I then found out the hard way that the System Repair Disc is not fully functional without a working Recovery partition – for one thing, most folks, myself included, cannot boot into UEFI mode from the DVD drive. Even after copying an ISO of the Repair Disc to a USB drive, which did allow boot into UEFI, I could not run the above mentioned Refresh/Reset/Auto Repair etc. without a working Recovery partition.

    Luckily, I had taken a bare-metal Ghost image of the machine when it was brand new. My solution was to restore this pristine image to a spare machine, and then run Create a Recovery Drive to make a fully functional Recovery USB, which includes all of the functionality of the Recovery partition (the USB needs to be at least 16GB, I believe). I can now boot this USB in UEFI mode to run Refresh/Reset/Auto Repair, etc, on the machine that was converted to UEFI. The useless Recovery partition can then be deleted, and its space added to the C drive (using Disk Management), which is what many would prefer anyway (hence the Delete the Recovery partition option that appears when creating the Recovery USB).

    On my spare machine, I tested a technique for restoring a working Recovery partition on the PC, for those who prefer that to a separate Recovery USB: on the machine that was converted to UEFI using the above technique, make a Ghost backup of the C drive (main Windows 8 OS drive) only. Then boot into the Recovery USB (in UEFI mode) and run Reset Your PC, which will wipe everything and reinstall the OS (in UEFI mode, if the USB was booted that way), including a working Recovery partition. Then boot Ghost and restore the C drive, and the onboard Recovery partition should now work. A lot of trouble, and some risk, plus the loss of C drive space, so it’s probably better to use the separate Recovery USB – just be sure to back it up somewhere. Other backup SW can be substituted for Ghost so long as it can back up a single partition instead of the entire drive.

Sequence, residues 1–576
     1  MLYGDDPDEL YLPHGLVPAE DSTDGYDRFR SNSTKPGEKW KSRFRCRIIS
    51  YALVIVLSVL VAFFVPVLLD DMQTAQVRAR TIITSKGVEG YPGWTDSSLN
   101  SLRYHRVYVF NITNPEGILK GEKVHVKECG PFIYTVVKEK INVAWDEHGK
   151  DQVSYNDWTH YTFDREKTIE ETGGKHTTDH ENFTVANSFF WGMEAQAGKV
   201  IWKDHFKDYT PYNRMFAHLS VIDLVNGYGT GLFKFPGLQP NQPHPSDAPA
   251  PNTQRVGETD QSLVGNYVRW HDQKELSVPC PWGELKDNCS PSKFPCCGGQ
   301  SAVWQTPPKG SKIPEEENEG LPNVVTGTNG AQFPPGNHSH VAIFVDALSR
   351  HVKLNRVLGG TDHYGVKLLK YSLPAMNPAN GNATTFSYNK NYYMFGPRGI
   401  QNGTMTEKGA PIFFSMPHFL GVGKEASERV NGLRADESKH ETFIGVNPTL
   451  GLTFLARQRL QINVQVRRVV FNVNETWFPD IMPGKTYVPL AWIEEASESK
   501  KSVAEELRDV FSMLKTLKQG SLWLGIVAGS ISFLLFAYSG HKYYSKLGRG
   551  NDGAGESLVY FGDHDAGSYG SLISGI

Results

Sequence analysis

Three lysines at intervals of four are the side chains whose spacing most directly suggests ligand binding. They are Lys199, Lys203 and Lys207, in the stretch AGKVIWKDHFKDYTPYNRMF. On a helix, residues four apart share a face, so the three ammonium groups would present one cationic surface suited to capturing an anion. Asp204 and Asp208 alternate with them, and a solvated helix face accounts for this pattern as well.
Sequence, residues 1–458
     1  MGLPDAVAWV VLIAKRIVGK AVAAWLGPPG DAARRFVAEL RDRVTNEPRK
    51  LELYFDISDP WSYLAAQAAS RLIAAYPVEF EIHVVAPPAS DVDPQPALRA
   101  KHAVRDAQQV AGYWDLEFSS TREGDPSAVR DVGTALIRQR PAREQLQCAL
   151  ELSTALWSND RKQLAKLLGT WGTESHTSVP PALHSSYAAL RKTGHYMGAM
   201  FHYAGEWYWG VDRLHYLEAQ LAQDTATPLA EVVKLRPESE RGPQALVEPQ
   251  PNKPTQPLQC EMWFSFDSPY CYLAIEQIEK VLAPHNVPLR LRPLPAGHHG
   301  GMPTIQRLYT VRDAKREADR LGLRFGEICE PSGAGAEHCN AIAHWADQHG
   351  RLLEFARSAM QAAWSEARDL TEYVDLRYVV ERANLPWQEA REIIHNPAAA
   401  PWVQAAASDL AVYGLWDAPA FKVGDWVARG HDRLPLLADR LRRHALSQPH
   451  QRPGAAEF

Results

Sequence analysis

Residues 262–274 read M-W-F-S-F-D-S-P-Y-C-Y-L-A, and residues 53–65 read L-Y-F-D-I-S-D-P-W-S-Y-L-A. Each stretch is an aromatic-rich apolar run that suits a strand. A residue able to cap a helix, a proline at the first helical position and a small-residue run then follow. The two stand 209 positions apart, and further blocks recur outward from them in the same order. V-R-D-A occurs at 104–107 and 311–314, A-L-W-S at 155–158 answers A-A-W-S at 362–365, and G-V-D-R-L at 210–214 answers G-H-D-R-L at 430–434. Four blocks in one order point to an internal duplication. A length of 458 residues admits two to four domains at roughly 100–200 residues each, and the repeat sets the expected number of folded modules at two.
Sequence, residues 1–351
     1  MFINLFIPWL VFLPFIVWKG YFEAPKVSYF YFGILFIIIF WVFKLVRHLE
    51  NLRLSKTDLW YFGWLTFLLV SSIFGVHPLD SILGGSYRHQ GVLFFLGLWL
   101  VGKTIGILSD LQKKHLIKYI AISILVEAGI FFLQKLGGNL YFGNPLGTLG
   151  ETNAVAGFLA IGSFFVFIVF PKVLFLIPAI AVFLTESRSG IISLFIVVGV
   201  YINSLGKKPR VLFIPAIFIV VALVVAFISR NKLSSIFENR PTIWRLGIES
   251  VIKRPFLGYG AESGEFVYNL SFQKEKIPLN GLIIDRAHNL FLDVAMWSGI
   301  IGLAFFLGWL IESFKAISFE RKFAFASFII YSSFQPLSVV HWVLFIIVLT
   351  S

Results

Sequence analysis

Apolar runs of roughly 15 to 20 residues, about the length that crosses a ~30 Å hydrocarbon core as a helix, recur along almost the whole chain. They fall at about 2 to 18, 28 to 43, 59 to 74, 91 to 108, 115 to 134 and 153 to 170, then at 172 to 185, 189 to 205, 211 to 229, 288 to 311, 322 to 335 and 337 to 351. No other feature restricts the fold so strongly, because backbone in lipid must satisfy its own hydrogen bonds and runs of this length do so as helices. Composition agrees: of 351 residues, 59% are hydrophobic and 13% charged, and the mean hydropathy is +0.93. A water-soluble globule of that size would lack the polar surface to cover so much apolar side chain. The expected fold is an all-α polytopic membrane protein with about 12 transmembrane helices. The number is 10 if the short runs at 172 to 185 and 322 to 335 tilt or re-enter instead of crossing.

If there is some way to re-write the steps above to preserve the Recovery partition, that would be welcome, unless my system was odd and no one else had Recovery Partition issues. My suggestion is that folks make a full Recovery USB in addition to Carlos’s recommendation to create a System Repair disc. This can then be substituted for the repair disc in Step 5 above. Instructions on making the Recovery USB can be found here:

  • D-FENZ edited Revision 9. Comment: Added recommendation that the recovery drive be backed up to USB

  • It work for me without any issues.

  • Thanks for the guide, it work for me without any issues.

  • Thanks for the guide, however some things need to be clarified:


    "System Partition (something above 200MB)" - The minimum should be 228MB. distributed as follows - System: 100 MB + Reserved 128 MB

    I had reserved only 200 and had to create the reserved partition with only 100MB. (I hope that no problems will arise).


    "bcdboot c:\windows /s s: /f UEFI"

    This does not work in windows media DVD below SP1 as it does not recognize the /f option.

    I tried to run it without the "/f UEFI" but it gave me an error. I could not execute this step.

    Never the less the Windows recovery DVD was able to solve the boot problems. The system now shows as GPT (EFI system partition).


    Can no longer boot from DVD.